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Rated: E · Short Story · Supernatural · #1771776
An artist that paints in two worlds
Charles Peterson an artist I have many painting of. A true inspired artisit.

Jakob Graham tugged at the bow tie that threatened to strangle him. Even though accustomed to the crowd of patrons that thronged his openings, he still felt uncomfortable in a tux. He stood with his back to the window as people made their way to him with their compliments and whispers of paintings they purchased. He smiled so much his cheeks quivered from the strain.

“Successful opening, my man.” David Harcourt squeezed Jakob’s shoulder as he stood next to him. “We sold all of the paintings. I've been asked if you would be interested in doing some commission work.”

“No. I only paint what I feel or experience,” Jakob repeated the litany.

“You don’t know what you're missing. There's a lot of money to be made painting the whims of the wealthy.” David turned to face him. “What is it about these paintings that's so secretive? You never tell anyone where you get your inspiration. You rarely give interviews. Is someone else painting these, and you're just the front person?” His eyes narrowed as he witnessed Jakob's reaction.

“If you don't believe me, I can take my paintings to another gallery. I don't want to work with someone who thinks I'm a cheat."

"Come now, Jakob, can't you take a joke?" David forced a laugh and ran his hand across his smooth chin.

"I paint them all.” He held out his reddened hands where he had practically scrubbed the skin off trying to get the paint removed.

“Then why the secret?”

“What secret? You get what you see. I go out to the country and paint what I see. What is so secretive about that?” Jakob shoved his hands into his pants pockets and walked toward one of the tables where a caterer cleared the last of the appetizers. He snagged a plate and some food. He wasn’t hungry, but needed a diversion, something for his hands to do until he could leave.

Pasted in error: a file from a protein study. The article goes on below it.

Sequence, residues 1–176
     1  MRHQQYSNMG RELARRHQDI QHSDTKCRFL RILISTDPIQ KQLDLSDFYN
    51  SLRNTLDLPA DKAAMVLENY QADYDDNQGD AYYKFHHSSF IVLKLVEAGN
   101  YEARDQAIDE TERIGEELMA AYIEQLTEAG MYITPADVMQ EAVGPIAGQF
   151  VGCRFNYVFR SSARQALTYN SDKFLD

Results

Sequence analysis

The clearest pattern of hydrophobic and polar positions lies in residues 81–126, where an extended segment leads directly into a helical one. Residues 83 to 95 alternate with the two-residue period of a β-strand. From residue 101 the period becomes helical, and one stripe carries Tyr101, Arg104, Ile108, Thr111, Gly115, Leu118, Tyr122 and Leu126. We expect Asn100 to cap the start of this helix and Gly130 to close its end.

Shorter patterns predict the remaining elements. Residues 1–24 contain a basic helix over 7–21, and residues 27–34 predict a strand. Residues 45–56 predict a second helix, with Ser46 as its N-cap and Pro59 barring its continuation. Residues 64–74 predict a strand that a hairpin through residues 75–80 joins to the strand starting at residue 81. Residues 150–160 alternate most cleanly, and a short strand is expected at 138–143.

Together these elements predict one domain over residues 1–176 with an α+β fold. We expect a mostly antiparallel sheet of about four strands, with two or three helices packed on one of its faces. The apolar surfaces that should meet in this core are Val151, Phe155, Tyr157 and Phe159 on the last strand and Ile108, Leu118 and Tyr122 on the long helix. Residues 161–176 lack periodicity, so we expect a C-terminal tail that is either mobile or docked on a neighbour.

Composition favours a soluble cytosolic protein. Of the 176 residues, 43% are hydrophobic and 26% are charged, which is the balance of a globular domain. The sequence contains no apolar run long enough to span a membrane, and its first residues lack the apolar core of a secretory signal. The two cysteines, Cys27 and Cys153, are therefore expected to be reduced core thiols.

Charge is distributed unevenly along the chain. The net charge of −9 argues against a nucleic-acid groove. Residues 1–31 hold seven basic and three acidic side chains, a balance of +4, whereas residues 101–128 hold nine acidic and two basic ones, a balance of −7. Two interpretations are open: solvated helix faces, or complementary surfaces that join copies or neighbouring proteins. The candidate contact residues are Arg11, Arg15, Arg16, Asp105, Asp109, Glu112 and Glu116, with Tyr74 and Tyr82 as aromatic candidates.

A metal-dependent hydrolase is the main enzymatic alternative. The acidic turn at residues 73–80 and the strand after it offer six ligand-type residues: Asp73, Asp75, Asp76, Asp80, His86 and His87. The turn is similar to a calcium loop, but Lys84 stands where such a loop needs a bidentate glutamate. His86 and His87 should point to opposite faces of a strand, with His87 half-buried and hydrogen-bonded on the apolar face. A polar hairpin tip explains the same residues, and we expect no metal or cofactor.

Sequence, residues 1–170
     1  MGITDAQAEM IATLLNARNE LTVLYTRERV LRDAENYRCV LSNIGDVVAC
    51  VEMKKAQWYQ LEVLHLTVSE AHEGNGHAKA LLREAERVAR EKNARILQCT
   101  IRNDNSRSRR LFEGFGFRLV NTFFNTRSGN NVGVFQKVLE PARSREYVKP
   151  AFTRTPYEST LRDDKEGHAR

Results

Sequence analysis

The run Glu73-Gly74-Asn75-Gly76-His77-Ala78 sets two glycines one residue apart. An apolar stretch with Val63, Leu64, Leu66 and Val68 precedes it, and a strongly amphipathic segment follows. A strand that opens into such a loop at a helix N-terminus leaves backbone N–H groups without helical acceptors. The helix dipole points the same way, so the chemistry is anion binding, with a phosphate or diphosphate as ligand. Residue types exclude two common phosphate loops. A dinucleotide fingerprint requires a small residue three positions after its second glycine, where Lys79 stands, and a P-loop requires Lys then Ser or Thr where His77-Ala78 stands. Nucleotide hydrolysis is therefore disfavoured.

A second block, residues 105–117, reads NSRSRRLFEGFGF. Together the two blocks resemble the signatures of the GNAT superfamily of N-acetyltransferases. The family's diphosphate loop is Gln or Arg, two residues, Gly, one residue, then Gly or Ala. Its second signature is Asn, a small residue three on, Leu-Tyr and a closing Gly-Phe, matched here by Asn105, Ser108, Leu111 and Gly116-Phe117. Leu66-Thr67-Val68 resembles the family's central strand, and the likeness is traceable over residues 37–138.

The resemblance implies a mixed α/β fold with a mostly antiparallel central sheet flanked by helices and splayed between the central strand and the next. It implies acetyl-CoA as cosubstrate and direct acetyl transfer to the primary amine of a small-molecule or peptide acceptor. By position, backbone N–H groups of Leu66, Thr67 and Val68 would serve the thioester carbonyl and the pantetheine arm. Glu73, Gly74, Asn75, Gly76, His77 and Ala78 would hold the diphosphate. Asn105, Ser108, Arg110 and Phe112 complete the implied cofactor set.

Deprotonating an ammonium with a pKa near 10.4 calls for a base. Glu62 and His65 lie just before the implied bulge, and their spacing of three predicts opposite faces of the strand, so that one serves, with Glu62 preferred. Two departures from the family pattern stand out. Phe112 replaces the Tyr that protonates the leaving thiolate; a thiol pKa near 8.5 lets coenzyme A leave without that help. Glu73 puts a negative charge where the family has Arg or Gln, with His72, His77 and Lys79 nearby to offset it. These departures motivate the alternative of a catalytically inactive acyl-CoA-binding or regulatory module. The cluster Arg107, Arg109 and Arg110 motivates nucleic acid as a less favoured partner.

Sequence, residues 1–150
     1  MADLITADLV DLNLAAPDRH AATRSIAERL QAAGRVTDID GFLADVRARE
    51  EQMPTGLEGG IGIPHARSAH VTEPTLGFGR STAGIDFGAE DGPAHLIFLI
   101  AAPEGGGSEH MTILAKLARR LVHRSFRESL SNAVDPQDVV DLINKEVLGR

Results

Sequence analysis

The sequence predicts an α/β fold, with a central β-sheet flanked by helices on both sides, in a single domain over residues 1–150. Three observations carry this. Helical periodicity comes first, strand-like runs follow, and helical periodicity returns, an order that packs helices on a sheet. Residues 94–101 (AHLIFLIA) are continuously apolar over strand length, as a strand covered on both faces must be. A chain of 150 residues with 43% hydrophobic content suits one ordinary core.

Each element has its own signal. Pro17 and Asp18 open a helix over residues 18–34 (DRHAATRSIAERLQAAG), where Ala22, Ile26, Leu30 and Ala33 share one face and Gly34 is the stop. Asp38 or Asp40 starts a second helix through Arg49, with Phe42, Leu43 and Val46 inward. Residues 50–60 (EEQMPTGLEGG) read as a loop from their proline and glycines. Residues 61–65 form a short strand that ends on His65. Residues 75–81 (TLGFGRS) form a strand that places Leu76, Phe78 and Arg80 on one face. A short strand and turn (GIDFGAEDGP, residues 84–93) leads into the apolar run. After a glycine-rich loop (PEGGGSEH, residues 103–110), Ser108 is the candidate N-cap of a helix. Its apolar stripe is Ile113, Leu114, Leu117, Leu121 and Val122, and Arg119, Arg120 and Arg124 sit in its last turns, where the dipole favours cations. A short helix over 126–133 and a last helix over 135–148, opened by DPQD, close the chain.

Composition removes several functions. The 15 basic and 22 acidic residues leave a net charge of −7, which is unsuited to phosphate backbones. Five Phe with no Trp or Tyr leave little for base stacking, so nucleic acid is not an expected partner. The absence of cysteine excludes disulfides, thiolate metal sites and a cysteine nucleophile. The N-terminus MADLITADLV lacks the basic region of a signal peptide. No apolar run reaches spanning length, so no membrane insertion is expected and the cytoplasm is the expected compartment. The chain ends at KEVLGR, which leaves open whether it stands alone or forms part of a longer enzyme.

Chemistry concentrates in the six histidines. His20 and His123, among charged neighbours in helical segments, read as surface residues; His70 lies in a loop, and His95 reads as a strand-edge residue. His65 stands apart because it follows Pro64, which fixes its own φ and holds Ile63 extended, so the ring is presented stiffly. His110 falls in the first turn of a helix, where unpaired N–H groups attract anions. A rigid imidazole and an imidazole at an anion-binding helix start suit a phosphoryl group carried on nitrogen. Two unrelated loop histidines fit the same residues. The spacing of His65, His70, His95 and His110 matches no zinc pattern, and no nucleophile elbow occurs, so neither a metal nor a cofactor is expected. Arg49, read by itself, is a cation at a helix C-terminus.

David followed him, grabbed some fancy appetizers and a napkin, “You paint ghosts, and people are buying them sight unseen before I can list them. Are these paintings hexed? Are you putting a spell on these people when they come in here?"

“If I was, you're sure making a lot of money, so what are you complaining about?” Jakob was tired of the whole business and just wanted to leave.

“If I could get you to make them buy some of my other artist’s work, I would cut you in on the deal and a few more people would be as rich as you.” David hoped for a positive response. He wasn’t sure what the score was, but there was something odd going on. “Take the painting with a broken tractor. it's not just the tractor; it's the action of all the field hands, farmer, and animals around it. It's as if you are looking at something that's actually happening in the past. I can almost hear the little girl calling her dad in for lunch. She has it all spread out on a checkered cloth for him.”

“That one is special. It's very detailed. I saw it all as it was happening.” A smile tugged at Jakob's lips.

“In your mind,” David added.